If the API became or is directly accessible by the app, then it means that the same access token used on the gateway can also be used directly on the API. This means that the gateway can relatively easily be bypassed and presents a potential attack vector, without extra mitigating layers of security.

OAuth2 Client Credentials

In this flow – we are considerably more secure. The gateway has its own credentials to access the API. The API knows to only trust traffic coming via the gateway as the gateway will be using its own access token. If any request is received by the API, or the API were to accidentally be made public, still, only the gateway would be able to access any protected data.

The problem here however is that regardless whether Alice or Bob is logged into the app, the gateway is always using its own credentials to access the API.

This means several things. Firstly, the gateway can validate the access token presented by the app. Once it has done that, it can use its own credentials to proxy the request on to the API. The API has to grant the gateway almost super-user privileges to perform any operation on any user. Why? Because it becomes impossible to propagate Alice’s userID and her delegated permissions to the app through to the API. This information is lost and by the time the request gets to the API, the API will not even know who the logged in user is. If Alice was an employee, and Bob a manager, this means that Alice could potentially give herself a pay rise FTW!

If we wanted to propagate user and role information to the API, ensuring that only Alice could access her own data, we would need to extract the UserID and role information or delegated permissions from the app’s access token, then use the gateway to inject this information as some magic request headers in the request to the API. The API would then need to be modified or coded to read these headers, in order to apply this business logic. This is a pattern which many gateways and other solutions recommend, as the gateway is now having to perform some level of business logic. The gateway would also need to be programmed to remove this magic header – as it could potentially be possible for the App to inject that header before it even got to the gateway, presenting potentially another attack vector.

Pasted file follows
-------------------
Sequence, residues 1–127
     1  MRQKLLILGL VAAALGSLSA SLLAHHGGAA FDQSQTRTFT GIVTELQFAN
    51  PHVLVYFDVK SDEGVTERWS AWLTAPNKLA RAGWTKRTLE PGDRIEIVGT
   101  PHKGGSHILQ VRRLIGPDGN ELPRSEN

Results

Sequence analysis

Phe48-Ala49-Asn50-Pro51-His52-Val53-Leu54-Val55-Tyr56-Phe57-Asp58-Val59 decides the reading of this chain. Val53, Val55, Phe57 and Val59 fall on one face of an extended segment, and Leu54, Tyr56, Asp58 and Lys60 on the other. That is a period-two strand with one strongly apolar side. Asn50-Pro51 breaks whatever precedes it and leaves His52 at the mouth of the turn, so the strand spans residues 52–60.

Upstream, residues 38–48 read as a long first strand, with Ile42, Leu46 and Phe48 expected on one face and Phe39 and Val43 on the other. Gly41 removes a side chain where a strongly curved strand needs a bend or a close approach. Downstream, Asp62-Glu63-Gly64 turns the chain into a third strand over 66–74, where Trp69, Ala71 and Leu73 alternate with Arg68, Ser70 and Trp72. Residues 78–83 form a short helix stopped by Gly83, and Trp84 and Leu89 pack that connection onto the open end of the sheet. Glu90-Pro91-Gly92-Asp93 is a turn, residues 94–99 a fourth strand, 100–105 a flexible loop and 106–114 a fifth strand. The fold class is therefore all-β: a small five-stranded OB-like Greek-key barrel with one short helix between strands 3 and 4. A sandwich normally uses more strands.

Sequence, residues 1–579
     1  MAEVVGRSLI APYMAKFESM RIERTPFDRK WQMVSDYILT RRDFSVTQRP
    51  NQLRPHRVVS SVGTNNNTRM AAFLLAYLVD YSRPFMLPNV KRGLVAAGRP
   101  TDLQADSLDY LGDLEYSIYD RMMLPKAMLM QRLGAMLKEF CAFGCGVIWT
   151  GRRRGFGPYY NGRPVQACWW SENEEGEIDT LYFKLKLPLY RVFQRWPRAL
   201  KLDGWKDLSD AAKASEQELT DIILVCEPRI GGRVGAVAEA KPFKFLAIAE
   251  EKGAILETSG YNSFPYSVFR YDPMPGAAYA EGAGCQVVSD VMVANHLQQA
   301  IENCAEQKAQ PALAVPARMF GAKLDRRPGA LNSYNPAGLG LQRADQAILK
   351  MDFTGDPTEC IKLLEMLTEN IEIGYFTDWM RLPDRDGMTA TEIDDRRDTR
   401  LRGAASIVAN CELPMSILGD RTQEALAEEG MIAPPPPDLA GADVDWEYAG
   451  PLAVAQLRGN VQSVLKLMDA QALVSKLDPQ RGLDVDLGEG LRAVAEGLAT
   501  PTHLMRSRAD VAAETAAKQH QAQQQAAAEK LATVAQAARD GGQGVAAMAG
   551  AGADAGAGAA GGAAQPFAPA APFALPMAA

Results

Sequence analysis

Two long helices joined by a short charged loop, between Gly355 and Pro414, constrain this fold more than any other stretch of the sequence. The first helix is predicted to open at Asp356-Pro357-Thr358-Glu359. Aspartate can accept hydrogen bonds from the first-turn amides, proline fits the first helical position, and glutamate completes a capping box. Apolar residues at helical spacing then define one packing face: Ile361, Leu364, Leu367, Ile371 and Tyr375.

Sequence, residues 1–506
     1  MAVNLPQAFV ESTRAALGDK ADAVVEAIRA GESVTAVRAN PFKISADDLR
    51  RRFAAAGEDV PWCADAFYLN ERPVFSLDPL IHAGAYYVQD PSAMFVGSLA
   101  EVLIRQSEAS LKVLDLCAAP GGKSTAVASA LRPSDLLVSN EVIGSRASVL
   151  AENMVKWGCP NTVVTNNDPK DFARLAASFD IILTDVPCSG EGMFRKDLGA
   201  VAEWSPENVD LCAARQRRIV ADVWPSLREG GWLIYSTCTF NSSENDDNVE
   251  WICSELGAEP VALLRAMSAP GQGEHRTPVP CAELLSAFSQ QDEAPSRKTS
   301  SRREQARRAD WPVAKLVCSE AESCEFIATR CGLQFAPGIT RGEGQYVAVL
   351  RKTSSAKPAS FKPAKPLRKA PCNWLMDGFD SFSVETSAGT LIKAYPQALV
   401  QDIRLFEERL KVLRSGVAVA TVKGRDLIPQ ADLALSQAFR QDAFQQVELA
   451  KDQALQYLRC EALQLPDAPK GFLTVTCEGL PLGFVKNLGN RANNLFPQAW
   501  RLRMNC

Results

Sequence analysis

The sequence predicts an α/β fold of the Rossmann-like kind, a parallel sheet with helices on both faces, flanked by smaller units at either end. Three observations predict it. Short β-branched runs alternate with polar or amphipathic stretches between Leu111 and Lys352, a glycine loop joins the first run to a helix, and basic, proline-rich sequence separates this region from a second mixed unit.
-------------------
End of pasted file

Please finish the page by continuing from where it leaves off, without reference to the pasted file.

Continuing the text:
I could go through a bunch of other tactics / strategies, but… Let us fast forward a bit to the point of this post. I hope that you all get that there has not really been a solid and scalable solution for effectively what is a pretty complex problem.

OAuth2 Token Exchange

In this flow – everything is exactly the same for the gateway using the Client Credentials flow, as the gateway has its own identity.

The difference however is that when the gateway authenticates (exchanges its credentials for a bearer token) with the authorization server, it also passes a bunch of other fields as part of the request.

grant_type: "urn:ietf:params:oauth:grant-type:token-exchange"